I love my job. I work at a small restaurant here in town, and it’s not only a lot of fun, I also learn an immense amount about food while I’m there. I work under a great sous chef who recognizes my enthusiasm for cooking and he’s always asking me questions like, “have you ever made such-and-such before?” or “have you ever tried this?” And sometimes he stops with the questions and just offers me great ideas and advice on things I can make right at home – and then put on my blog, of course. The idea for stuffed meatloaf was his, and it excited me because, well, we all know how much I love meatloaf, and that I’m always looking for ways to shake up this classic dish. The idea of what to stuff it with was on me. Things always seem to work out for me when I go Italian and the best way to do that was to stuff it with some ricotta and spinach, and load up the actual loaf itself with all kinds of Italian flavour.

1 1/2 pounds lean ground beef $11.38
1 pound medium ground pork $2.34
1 onion, grated $0.47
4 cloves garlic, minced or grated $0.04
1 cup bread crumbs, plus 1 cup $0.84
1/4 cup butter, melted $0.22
1/2 cup milk $0.14
1 egg, lightly beaten $0.20
1 tablespoon Worcestershire sauce $0.08
2 tablespoons dried basil $0.46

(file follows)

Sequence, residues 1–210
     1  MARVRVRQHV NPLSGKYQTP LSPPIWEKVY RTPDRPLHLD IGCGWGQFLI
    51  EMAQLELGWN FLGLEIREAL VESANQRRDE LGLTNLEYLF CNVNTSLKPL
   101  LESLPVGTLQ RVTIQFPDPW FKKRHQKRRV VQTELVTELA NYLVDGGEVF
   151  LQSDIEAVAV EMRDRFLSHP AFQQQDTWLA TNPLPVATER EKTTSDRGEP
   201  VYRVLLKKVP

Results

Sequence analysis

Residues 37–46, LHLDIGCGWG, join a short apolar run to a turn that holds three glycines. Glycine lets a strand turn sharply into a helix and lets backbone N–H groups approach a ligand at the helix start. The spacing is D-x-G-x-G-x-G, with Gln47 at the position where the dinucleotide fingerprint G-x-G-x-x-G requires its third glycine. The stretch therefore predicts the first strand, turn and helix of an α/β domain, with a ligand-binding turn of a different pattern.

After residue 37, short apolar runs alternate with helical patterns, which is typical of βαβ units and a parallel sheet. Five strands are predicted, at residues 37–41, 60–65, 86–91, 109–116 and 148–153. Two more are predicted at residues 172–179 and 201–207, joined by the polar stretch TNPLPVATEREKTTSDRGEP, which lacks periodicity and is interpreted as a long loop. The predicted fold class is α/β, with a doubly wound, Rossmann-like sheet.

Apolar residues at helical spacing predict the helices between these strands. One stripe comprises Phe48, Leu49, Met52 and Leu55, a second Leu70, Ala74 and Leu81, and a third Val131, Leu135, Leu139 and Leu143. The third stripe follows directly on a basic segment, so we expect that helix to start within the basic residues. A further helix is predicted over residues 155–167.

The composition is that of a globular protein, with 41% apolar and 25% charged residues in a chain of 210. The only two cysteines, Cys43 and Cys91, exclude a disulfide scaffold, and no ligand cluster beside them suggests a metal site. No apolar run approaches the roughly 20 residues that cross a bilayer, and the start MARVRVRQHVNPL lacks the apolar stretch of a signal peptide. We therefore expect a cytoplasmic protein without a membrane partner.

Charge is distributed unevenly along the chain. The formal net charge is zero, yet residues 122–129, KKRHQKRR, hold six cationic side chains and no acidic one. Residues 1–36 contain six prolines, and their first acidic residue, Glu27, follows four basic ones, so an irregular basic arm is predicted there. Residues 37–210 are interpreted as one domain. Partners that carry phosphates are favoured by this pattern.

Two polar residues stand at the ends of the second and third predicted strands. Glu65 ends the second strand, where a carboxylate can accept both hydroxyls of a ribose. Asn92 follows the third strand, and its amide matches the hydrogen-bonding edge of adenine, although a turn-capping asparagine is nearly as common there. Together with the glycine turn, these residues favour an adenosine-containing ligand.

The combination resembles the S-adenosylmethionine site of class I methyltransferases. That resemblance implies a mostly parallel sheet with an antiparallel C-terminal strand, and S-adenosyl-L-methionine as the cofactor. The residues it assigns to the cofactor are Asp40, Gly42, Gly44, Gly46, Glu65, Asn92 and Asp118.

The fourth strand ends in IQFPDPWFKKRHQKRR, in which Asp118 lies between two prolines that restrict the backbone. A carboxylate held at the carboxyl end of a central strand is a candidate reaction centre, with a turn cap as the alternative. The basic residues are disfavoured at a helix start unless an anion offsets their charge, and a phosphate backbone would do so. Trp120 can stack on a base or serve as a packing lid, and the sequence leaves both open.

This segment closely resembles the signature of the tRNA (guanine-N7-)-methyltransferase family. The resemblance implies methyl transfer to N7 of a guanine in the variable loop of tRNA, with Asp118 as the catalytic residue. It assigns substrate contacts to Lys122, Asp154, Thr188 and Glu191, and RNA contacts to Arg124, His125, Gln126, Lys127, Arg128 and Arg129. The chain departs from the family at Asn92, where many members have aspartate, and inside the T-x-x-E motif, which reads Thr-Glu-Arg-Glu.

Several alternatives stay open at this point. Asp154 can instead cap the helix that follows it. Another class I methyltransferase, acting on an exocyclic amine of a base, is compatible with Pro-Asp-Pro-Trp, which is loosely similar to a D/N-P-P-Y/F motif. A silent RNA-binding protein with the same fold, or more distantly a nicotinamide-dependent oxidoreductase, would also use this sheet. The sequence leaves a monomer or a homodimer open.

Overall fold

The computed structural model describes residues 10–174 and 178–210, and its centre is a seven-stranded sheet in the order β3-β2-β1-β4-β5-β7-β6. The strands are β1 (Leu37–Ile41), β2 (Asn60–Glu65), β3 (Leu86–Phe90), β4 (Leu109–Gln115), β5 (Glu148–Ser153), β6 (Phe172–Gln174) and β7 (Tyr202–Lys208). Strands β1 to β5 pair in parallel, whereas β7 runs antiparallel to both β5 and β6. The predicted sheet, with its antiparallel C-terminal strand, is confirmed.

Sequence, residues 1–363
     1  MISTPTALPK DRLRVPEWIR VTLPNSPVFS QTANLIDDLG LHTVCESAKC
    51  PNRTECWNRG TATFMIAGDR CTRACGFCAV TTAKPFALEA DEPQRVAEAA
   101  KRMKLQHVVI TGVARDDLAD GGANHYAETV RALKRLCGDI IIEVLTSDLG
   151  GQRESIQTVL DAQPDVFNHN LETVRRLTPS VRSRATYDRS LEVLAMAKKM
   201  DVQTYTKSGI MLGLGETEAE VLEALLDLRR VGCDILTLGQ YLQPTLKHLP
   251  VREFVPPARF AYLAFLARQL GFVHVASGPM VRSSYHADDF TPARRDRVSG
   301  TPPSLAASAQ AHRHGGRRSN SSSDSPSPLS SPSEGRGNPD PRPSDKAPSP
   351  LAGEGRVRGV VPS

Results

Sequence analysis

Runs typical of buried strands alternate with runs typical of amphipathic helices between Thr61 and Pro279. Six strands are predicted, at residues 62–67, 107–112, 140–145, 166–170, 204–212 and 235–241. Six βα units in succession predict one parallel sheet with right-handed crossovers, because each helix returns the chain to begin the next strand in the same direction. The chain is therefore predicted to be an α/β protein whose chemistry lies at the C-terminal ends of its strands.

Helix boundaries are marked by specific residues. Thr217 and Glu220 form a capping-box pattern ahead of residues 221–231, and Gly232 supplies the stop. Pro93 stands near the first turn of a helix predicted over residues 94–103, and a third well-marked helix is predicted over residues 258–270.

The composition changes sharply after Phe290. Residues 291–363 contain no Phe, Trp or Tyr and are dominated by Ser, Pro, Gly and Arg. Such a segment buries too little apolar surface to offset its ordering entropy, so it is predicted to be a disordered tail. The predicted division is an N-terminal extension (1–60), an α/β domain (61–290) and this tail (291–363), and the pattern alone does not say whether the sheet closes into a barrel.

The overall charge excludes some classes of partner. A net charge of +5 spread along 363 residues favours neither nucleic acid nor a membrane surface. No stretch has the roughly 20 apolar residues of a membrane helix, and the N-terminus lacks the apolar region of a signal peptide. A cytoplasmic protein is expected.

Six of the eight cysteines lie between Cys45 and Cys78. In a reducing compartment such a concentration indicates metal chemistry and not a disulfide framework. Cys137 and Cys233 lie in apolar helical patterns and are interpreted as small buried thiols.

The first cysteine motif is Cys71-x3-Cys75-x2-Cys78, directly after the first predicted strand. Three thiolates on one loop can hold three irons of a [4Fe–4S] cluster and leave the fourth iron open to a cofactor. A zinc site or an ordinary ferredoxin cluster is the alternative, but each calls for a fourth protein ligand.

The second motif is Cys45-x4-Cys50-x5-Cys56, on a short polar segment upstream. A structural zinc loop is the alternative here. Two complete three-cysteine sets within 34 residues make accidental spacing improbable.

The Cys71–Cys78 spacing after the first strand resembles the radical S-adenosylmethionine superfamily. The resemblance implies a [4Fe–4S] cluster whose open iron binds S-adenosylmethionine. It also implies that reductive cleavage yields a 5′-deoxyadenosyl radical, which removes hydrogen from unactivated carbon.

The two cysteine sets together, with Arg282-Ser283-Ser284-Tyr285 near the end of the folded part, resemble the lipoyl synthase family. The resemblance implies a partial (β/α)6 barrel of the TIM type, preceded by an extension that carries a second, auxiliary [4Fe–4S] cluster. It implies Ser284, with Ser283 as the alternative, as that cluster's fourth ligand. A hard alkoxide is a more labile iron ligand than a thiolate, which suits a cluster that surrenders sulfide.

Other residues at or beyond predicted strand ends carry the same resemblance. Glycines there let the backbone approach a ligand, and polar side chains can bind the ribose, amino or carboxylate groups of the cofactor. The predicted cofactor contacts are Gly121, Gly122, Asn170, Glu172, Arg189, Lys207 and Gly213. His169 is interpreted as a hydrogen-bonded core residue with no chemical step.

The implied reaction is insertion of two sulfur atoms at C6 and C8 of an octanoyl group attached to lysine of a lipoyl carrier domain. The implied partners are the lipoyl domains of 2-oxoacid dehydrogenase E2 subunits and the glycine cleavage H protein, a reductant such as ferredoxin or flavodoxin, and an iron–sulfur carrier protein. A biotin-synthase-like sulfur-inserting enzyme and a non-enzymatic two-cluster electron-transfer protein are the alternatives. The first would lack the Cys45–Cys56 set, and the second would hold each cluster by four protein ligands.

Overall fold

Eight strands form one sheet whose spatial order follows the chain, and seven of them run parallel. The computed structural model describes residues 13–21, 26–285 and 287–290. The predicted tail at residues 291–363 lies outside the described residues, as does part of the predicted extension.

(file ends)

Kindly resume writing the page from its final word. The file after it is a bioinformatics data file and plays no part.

2 tablespoons dried oregano $0.60
1 tablespoon dried dill $0.17
2 cups ricotta cheese $5.00
1 package frozen spinach, thawed, drained, with any tough stems removed $0.99
Salt $0.01
Pepper $0.01

Total cost $22.95
Cost per serving $3.83

1.) Preheat oven to 350 degrees and lightly grease the sides of a loaf pan with oil.

2.) Place bread crumbs and milk in a small bowl, mix, and let sit for 5 minutes to allow time for the bread to soak up that milk. In a large bowl place ground beef, ground pork, grated onion and garlic, egg, Worcestershire sauce, and dried herbs. Season generously with salt and pepper and mix lightly so that all the ingredients are combined, but the meat is not overworked.

3.) To make the ricotta mixture, place ricotta cheese in a medium-sized bowl. Squeeze any remaining moisture out of the spinach, and add to ricotta. Season lightly with salt and pepper and mix ingredients together thoroughly.

4.) Lightly press half of the meat mixture into the loaf pan. Directly down the centre, leaving an inch of edge along the sides of the meat, make a small well. Do this by gently pressing the meat mixture down and up so that the stuffing has a small space to sit on. Fill this space with the spinach and ricotta mixture, mounding it slightly.

5.) Place the remaining 1/2 of the meat mixture on top of the bottom layer and the stuffing mixture. Make sure the meat covers the stuffing entirely, pressing it down over top the other layer of meat and the stuffing.

6.) Place bread crumbs into the melted butter and give them a minute or two to completely soak up the butter. After the butter has been absorbed, spread the bread crumbs over top of the meatloaf,making sure to cover the top of the loaf.

7.) Place the meatloaf into the oven and bake for 60 – 75 minutes, until its bubbling along the sides and is completely cooked through. Check on it periodically and if its browning too quickly on top, loosely cover with aluminum foil.

8.) Remove from oven and let the loaf rest for at least 5 minutes before slicing and serving.

9.) Serve and enjoy!